Mary Wollstonecraft's Letters
Written during a Short Residence in
weden, Norway, and Denmark
Syndy McMillen Conger
The term “life writing,” inclusively defined by Marlene Kadar iL· as “texts that are written by an author who does not continuously write about someone else, and who also does not pretend to be absent from the … text himself/herself (“Coming” 10), might have been invented to talk about the texts of Mary Wollstonecraft; for Wollstonecraft's “lifelong project,” according to Catherine N. Parke, was “to get herself both more into and more out of her work, which is to say, to write both more and less personally” (105).' From the beginning of her literary life she wove fictions into her life and her life into her fictions.2 Her last completed book, Letters Written during a Short Residence in Sweden, Norway, and Denmark (1796), can be seen as the final contribution to these lifelong projects of literary confession and self-fictionalization. It shares with her other works a haunting liminal quality:3 whatever ostensible subject it pursues, it is also always constituting or revealing the authorial subject, gesturing from the textual threshold toward some shadowy but intensely personal emotional life beyond the text. This quality is often noticed but perceived as an interruption—as “sentimental … wanderings” (Nyström 34), “personal reverie” (Bohls 73), or “intrusive personal voice” (Ty, “Writing” 64)—when it might be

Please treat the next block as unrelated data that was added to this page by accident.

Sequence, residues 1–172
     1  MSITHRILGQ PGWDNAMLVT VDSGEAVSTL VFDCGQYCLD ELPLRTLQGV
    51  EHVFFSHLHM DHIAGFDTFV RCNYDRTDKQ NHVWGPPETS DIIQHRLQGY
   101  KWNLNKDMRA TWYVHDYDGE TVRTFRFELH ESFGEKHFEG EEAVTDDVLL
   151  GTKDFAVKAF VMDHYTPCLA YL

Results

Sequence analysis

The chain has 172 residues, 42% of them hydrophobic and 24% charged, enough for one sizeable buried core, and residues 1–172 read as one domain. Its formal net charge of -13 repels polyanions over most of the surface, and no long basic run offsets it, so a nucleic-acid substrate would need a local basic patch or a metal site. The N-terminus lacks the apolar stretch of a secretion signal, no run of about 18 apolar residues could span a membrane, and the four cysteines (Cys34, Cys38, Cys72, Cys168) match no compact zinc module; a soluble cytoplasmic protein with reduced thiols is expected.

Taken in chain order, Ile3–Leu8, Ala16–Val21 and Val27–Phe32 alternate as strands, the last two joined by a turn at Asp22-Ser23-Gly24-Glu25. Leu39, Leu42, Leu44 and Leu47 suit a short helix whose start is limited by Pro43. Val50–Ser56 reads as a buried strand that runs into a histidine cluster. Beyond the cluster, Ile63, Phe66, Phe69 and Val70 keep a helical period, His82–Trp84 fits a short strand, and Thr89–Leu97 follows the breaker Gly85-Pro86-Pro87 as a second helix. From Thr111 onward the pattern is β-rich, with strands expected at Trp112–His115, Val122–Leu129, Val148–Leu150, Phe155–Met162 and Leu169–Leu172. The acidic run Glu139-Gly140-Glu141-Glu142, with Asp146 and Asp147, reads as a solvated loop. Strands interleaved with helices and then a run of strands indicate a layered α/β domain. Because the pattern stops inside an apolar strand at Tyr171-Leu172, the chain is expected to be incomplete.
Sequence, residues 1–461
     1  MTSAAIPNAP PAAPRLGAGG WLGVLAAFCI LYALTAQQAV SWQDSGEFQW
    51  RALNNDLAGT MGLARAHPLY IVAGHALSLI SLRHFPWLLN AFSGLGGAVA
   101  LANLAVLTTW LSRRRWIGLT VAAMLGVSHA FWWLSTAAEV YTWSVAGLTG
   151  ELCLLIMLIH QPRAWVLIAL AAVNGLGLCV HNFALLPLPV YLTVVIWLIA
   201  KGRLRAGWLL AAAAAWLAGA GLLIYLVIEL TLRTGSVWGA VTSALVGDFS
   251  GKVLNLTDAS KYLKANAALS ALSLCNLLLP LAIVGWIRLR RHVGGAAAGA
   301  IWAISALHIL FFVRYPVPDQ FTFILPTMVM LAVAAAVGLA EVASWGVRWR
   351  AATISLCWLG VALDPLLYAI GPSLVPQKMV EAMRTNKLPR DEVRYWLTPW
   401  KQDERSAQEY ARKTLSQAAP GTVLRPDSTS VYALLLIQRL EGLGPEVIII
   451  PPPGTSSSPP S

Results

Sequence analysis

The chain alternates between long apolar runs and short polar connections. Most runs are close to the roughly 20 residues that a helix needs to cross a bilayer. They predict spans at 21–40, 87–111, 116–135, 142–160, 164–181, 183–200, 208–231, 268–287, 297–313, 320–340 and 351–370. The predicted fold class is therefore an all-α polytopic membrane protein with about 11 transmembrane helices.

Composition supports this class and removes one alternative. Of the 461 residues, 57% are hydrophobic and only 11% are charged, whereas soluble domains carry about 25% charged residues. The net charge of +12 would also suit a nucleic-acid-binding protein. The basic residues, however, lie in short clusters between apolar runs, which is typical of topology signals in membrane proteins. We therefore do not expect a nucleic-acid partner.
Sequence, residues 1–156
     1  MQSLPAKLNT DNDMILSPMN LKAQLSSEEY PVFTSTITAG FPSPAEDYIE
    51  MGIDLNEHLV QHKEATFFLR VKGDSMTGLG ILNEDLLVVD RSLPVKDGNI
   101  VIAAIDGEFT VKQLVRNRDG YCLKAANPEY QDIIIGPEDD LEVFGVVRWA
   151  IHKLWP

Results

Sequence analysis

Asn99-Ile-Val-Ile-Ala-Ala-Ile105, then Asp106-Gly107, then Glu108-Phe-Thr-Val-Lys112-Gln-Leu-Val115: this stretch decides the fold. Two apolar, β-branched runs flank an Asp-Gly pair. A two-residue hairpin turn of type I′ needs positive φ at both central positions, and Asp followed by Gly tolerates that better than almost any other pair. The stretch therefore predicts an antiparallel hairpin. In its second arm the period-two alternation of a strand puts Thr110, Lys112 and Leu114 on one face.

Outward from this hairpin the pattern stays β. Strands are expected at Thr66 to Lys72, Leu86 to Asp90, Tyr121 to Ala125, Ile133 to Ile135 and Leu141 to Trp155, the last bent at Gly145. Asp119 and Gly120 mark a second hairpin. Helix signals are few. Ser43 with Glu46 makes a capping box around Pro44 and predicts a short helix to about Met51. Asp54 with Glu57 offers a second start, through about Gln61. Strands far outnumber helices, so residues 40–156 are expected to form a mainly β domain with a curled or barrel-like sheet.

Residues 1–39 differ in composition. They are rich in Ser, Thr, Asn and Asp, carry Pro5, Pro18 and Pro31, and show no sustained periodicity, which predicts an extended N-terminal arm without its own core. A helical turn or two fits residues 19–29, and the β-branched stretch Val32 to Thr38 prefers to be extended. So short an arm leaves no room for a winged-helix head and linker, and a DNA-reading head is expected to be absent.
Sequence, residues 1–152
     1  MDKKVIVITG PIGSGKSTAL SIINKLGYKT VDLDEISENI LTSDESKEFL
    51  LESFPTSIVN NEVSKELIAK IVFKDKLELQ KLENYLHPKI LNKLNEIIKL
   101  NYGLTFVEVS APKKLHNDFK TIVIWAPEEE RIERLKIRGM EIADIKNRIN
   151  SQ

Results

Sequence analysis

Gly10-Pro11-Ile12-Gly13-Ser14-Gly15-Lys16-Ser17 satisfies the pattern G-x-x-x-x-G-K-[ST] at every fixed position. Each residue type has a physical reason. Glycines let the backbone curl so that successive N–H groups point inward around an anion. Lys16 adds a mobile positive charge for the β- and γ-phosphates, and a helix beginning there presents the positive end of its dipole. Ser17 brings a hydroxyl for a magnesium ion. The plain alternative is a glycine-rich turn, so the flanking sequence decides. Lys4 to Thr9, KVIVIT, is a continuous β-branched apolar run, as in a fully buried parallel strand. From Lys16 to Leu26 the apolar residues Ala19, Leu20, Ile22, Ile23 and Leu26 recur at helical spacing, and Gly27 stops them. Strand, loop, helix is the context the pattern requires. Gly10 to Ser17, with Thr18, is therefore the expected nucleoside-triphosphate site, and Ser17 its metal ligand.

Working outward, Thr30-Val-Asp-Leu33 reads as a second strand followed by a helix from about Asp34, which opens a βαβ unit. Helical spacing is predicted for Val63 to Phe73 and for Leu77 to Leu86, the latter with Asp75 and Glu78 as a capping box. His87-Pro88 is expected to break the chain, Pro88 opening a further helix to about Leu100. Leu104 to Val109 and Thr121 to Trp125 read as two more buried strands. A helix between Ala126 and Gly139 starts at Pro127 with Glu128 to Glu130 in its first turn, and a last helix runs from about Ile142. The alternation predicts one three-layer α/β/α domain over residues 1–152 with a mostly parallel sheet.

Notes are on pp. 51–53.